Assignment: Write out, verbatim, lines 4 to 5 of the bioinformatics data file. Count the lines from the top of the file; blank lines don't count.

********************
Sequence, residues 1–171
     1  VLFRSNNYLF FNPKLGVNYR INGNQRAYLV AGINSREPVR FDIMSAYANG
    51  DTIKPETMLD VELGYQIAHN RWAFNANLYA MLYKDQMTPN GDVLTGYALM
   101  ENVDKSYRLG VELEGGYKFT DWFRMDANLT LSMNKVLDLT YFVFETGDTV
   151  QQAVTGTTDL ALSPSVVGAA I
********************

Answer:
   101  ENVDKSYRLG VELEGGYKFT DWFRMDANLT LSMNKVLDLT YFVFETGDTV
   151  QQAVTGTTDL ALSPSVVGAA I